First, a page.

Age, not density, predicts interval breast cancer result

2016 10 05 17 45 45 493 Breast Cancer 400

A woman's age may predict whether an interval breast cancer will have a poor outcome better than her breast density, according to a research letter published online May 3 in JAMA Oncology. The finding could direct the use of supplemental screening in women.

When it comes to catching interval breast cancers, the conversation about which women should have supplemental screening has focused mainly on breast density as the primary factor, wrote a team led by Anne Marie McCarthy, PhD, of Massachusetts General Hospital. But it may be more effective to consider age -- particularly for women between the ages of 40 and 49 -- as well as breast density to identify those at risk of breast cancer who might have a poor prognosis.

"Although breast density is predictive of interval cancer overall, it is less predictive of whether that interval cancer will have a poor prognosis," the group wrote. "Younger age is predictive of interval breast cancer with a poor prognosis. This may reflect the dual origins of interval cancers."

Predicting prognosis

Interval cancers are those that were present at a woman's last screening mammography exam but not caught, as well as those that developed after the exam. This second category tends to include more aggressive cancers and poorer outcomes, according to McCarthy and colleagues.

"Cancers that are present but not detected by screening mammography may be more likely to be associated with a good prognosis and occur among older women, whereas cancers that develop between screening examinations may be more likely to be rapidly growing cancers associated with a poor prognosis and occur among younger women," they wrote.

For the study, the researchers used data from the Population-Based Research Optimizing Screening Through Personalized Regimens (PROSPR) consortium, including 306,028 women 40 years and older with no earlier diagnosis of breast cancer who underwent screening mammography between 2011 and 2014. Negative mammograms were those with an initial BI-RADS category of 1 or 2; all other categories were classified as positive results. The team used state cancer registries to identify breast cancer diagnoses within one year after screening mammography.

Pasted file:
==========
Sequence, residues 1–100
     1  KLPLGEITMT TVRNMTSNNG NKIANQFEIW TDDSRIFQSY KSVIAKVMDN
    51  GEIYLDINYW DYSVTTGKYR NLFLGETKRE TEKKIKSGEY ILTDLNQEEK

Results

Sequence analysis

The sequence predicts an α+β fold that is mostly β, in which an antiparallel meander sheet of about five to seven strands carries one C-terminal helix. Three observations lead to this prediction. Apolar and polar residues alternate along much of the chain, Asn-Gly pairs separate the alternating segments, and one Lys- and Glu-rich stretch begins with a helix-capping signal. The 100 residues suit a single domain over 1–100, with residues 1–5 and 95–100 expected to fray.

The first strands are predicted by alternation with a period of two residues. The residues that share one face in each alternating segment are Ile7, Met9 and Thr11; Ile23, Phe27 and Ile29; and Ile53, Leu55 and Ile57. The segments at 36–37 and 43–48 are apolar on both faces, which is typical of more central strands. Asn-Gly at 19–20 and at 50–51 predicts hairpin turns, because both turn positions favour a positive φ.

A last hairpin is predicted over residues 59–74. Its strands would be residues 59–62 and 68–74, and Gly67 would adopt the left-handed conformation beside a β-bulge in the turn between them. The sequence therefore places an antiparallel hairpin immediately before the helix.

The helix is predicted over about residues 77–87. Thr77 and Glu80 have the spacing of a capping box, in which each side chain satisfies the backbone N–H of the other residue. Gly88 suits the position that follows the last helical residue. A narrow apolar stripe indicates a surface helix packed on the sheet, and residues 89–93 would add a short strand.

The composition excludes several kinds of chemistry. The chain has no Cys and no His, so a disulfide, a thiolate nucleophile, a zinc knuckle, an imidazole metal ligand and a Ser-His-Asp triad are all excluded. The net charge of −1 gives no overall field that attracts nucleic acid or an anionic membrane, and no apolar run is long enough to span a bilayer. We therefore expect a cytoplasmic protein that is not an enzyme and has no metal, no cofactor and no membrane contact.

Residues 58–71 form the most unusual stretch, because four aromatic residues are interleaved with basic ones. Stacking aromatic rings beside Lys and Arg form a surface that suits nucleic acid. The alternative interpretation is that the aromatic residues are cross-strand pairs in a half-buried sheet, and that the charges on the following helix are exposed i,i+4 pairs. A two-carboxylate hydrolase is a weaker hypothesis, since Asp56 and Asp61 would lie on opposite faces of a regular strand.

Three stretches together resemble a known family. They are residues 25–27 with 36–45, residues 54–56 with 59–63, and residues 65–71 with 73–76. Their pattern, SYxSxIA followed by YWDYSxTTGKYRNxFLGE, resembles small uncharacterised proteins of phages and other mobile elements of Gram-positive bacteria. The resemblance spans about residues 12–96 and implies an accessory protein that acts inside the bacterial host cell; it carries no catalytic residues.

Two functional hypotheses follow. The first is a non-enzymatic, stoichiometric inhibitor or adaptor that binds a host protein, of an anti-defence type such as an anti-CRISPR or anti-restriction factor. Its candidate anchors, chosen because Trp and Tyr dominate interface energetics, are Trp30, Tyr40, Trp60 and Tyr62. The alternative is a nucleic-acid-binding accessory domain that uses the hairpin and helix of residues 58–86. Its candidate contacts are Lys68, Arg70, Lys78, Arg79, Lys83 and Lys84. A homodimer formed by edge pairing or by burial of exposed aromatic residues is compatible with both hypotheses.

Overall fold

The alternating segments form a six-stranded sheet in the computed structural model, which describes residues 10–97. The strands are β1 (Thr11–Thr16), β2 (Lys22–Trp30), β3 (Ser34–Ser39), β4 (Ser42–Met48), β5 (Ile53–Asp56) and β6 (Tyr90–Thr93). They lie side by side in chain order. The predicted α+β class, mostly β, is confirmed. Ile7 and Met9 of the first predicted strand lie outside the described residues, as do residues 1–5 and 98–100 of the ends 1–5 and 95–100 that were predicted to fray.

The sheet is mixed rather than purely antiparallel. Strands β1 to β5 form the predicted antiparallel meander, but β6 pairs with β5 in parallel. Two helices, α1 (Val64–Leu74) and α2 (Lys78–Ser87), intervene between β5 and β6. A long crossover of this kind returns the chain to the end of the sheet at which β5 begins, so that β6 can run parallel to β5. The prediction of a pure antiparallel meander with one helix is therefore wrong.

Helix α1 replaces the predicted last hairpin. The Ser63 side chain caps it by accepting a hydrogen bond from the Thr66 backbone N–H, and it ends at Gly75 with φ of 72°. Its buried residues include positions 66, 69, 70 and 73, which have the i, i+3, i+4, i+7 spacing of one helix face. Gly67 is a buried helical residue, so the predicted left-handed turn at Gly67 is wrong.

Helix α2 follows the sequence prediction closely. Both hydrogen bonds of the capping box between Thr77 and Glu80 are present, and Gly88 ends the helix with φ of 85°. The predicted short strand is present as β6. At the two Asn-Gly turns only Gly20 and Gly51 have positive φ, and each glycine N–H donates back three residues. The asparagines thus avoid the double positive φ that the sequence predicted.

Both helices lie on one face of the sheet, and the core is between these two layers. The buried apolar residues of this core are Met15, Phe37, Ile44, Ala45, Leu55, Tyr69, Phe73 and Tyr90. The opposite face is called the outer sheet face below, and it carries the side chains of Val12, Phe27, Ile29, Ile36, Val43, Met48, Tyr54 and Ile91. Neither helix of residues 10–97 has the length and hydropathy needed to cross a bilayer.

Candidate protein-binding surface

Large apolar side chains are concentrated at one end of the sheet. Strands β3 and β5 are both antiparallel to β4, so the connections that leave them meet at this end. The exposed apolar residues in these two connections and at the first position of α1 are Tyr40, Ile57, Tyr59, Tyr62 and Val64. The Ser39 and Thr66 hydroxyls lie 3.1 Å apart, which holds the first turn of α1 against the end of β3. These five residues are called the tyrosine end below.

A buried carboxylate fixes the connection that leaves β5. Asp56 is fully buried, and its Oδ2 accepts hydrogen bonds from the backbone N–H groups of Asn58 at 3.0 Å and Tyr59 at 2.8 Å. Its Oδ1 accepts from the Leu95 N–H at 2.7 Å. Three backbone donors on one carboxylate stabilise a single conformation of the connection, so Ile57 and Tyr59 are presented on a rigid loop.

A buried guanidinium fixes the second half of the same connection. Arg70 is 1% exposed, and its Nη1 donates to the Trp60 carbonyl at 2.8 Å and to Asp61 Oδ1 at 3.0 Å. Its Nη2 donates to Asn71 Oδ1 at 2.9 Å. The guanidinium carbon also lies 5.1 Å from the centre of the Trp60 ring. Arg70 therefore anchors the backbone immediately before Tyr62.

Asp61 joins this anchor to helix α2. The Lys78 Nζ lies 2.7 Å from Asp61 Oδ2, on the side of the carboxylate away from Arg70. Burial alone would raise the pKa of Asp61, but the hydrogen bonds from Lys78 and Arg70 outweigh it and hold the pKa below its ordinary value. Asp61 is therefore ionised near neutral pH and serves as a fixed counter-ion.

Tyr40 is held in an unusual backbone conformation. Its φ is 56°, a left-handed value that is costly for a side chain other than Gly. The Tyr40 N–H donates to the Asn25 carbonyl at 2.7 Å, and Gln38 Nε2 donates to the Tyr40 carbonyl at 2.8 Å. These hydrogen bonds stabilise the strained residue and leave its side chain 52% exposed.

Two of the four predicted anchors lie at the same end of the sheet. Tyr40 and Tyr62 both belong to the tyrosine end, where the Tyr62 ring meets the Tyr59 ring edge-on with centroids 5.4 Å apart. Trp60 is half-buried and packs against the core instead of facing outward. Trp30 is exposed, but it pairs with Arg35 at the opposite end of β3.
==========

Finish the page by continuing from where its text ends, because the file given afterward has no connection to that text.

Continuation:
McCarthy and colleagues defined breast cancer cases with poor prognosis by the following criteria:

  • Distant metastases
  • Cancer in regional lymph nodes
  • Estrogen receptor-positive and/or progesterone receptor-positive and human epidermal growth factor receptor 2 (HER2)-negative invasive cancer at least 2 mm in diameter
  • HER2-positive invasive cancer at least 1 cm in diameter

They then evaluated any association of age, breast density, and family history with cancer diagnosis using odds ratios. A ratio greater than 1 pointed to higher odds of a particular outcome, a ratio of 1 to no association, and a ratio less than 1 to lower odds of a particular outcome.

McCarthy and colleagues found that cancers diagnosed after negative screening mammography were more likely to have poor prognoses (43.8%) than those diagnosed after positive mammography (26.9%). Women with dense breast tissue were twice as likely to receive a cancer diagnosis -- regardless of prognosis -- than women who did not have dense tissue.

The group also found the following:

  • Among women who received a diagnosis of cancer after negative screening mammography, those between the ages of 40 and 49 were more likely to have poorer prognoses than women 70 and older (odds ratio, 3.52; p = 0.048).
  • For women with positive mammography results, younger women had lower odds of a cancer diagnosis than older women (odds ratio, 0.22; p = 0.001), but those with a family history of the disease had higher odds (odds ratio, 1.29; p = 0.001).
  • For women ages 40 to 49 with negative mammography results, their age was not significantly associated with breast cancer diagnosis, compared with women 70 and older (odds ratio, 0.81; p = 0.6).
  • For women with negative screening mammography, breast density and family history were not significantly associated with poor prognosis (breast density: odds ratio, 0.6; p = 0.3; family history: odds ratio, 0.8; p = 0.65).

"Our results indicate that the positive predictive value of mammography results depends on patient age and family history," the group wrote. "In contrast, the negative predictive value depends on breast density but not on patient age or family history."

Targeted screening

Identifying women who are at high risk of breast cancer with poor prognosis despite regular mammography could help clinicians develop targeted, additional screening, according to the authors.

"Although the rate of breast cancer after negative mammography results is small, the likelihood that such cases will be associated with a poor prognosis highlights the need to improve early detection for these women," they concluded.

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